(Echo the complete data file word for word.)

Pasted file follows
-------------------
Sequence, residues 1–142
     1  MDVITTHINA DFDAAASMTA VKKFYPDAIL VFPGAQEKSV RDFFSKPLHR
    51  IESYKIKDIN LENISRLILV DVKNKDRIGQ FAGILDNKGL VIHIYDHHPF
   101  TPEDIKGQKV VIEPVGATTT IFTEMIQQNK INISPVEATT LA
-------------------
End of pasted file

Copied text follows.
Sequence, residues 1–142
     1  MDVITTHINA DFDAAASMTA VKKFYPDAIL VFPGAQEKSV RDFFSKPLHR
    51  IESYKIKDIN LENISRLILV DVKNKDRIGQ FAGILDNKGL VIHIYDHHPF
   101  TPEDIKGQKV VIEPVGATTT IFTEMIQQNK INISPVEATT LA